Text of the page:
Flouride the Lightning, Happy Birthday to Holy Molar’s double-CD, The Whole Tooth and Nothing But the Tooth, 2/18/03

Holy Molar will ruin hardcore for you. This is a good thing. Let it burn. Let some weird new phoenix rise from the ashes. After the deluge of Molar, most hardcore ends up sounding basic as fuck. It sounds cookiecutter. Generic. Samey. Two guitars, bass, a singer, and drums? Come on, where’s the adventure, the risk, the opportunity for innovation? With Molar you rarely know what to expect and that is a beautiful thing. Weird samples of horses’ hooves clopping away from you like some old-timey radio show? Oscar Wilde quotes and riffs cribbed from the Phantom of the Opera soundtrack? Synth like some fucked-up, deranged cartoon ape eating your hands? Sure, sure, sure. Why not. Let it rip.

Molar’s double-CD set, the Whole Tooth and Nothing But the Tooth, came out 18 years ago today via Three One G and it rocked my young world and made me rethink all I thought I knew about the limits of hardcore. Conclusion: there are none. Addendum to conclusion: most hardcore bands are about as original, open to evolution, and free-thinking as a Republican senator or a paint-by-numbers set. No thrill. All weekend warrior shit. Nice try, no cigar (or anything else as reward. You suck. Go back to bed).

A Molar record is like being a tiny bird riding a wild rush of twitchy wind that changes direction and speed without warning and brings with it the smells of lands untold. The songs are thick and heavy but nimble, Mark McCoy’s vocals are a yipping wolf pup with bat wings above Gabe Serbian’s shredding, catchy, stop-and-start D&D Fire Denom guitar, Justin’s menacing Chinese Noise Dragon bass, Maximillian Avila’s proggy Giant Crossdimensional Nightmare Squid drums, and Bobby Bray’s keyboards which are a pure blast of DMT-smoking Gray Aliens joyriding the multiuniverse while giving you the peace sign AND the middle finger. A Molar song doesn’t stick to any sort of standard song structure, instead taking you to more places than a dream–changing course, stopping suddenly, devolving into noise, all the while doing so in beautifully-rendered form. Nothing drowns anything out. The vocals are crisp. The bass tones are gloriously monolithic. No hate on lo-fi art of course but this is so well-produced it sounds like the best Led Zeppelin records or pre-suck era Metallica.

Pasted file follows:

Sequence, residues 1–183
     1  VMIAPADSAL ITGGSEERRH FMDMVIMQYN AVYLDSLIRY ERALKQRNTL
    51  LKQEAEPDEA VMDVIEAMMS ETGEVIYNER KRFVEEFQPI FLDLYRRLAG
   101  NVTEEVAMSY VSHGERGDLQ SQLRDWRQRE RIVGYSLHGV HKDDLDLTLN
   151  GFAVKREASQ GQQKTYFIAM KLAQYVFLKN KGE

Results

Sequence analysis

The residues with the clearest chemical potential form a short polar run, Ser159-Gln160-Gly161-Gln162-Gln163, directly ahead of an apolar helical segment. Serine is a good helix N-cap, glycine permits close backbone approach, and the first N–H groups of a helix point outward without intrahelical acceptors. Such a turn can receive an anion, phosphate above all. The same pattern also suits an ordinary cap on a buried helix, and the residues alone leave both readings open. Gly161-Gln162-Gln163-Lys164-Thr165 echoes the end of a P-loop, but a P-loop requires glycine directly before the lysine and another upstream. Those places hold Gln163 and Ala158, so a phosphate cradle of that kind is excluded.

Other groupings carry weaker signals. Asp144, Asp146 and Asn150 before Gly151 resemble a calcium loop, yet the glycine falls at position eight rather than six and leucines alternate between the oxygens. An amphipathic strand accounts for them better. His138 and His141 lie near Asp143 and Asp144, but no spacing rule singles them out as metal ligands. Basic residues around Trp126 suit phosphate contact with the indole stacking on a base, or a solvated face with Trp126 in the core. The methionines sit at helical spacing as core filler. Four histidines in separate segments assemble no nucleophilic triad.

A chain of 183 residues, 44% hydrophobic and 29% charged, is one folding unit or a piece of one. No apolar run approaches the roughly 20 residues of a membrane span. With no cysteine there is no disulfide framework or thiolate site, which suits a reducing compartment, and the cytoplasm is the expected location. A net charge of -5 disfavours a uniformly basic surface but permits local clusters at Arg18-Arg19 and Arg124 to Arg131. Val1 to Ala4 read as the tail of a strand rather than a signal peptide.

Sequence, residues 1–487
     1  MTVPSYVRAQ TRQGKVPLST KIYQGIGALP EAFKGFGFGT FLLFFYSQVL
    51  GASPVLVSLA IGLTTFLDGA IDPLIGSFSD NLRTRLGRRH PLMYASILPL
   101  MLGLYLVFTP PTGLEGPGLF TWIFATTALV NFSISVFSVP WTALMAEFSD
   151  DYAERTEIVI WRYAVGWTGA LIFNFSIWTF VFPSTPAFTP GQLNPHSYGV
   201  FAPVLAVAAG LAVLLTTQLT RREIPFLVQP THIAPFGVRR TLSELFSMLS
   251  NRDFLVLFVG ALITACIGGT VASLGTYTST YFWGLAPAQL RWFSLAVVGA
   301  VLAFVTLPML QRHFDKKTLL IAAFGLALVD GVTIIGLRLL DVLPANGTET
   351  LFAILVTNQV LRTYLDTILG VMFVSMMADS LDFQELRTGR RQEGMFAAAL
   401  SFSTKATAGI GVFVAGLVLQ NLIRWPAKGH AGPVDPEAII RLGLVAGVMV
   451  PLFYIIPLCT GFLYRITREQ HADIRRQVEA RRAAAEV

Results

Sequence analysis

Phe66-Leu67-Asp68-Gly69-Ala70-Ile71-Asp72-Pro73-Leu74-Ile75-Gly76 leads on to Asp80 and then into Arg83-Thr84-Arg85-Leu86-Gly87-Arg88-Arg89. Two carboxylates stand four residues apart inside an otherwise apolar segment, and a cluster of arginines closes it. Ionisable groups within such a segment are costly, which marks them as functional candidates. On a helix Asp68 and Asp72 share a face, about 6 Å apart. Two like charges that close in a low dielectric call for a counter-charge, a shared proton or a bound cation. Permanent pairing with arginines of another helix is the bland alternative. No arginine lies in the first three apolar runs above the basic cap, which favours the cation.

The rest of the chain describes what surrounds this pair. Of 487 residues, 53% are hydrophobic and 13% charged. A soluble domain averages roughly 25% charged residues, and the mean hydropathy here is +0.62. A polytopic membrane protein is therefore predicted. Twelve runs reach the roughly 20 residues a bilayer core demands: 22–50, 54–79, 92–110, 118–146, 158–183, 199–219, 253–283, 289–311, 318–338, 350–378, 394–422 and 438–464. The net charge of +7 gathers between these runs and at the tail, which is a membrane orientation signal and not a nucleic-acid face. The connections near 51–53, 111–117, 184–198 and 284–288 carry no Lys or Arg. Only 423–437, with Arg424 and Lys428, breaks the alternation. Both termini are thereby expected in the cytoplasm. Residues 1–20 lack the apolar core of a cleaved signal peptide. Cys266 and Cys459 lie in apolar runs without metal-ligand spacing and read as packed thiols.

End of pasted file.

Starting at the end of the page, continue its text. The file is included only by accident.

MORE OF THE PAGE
Molar is the band I recommend to people I know who 1) like hardcore and 2) are new to Three One G’s catalog. Most end up loving it. Some don’t get it, but there’s no accounting for taste. If you don’t want your perceptions radically challenged, that’s on you. Me, I’m all for the chance to have my mind blasted out entirely every now and again and there are few better ways than with a Holy Molar record.

Adam Gnade, author of the books Locust House and Float Me Away, Floodwaters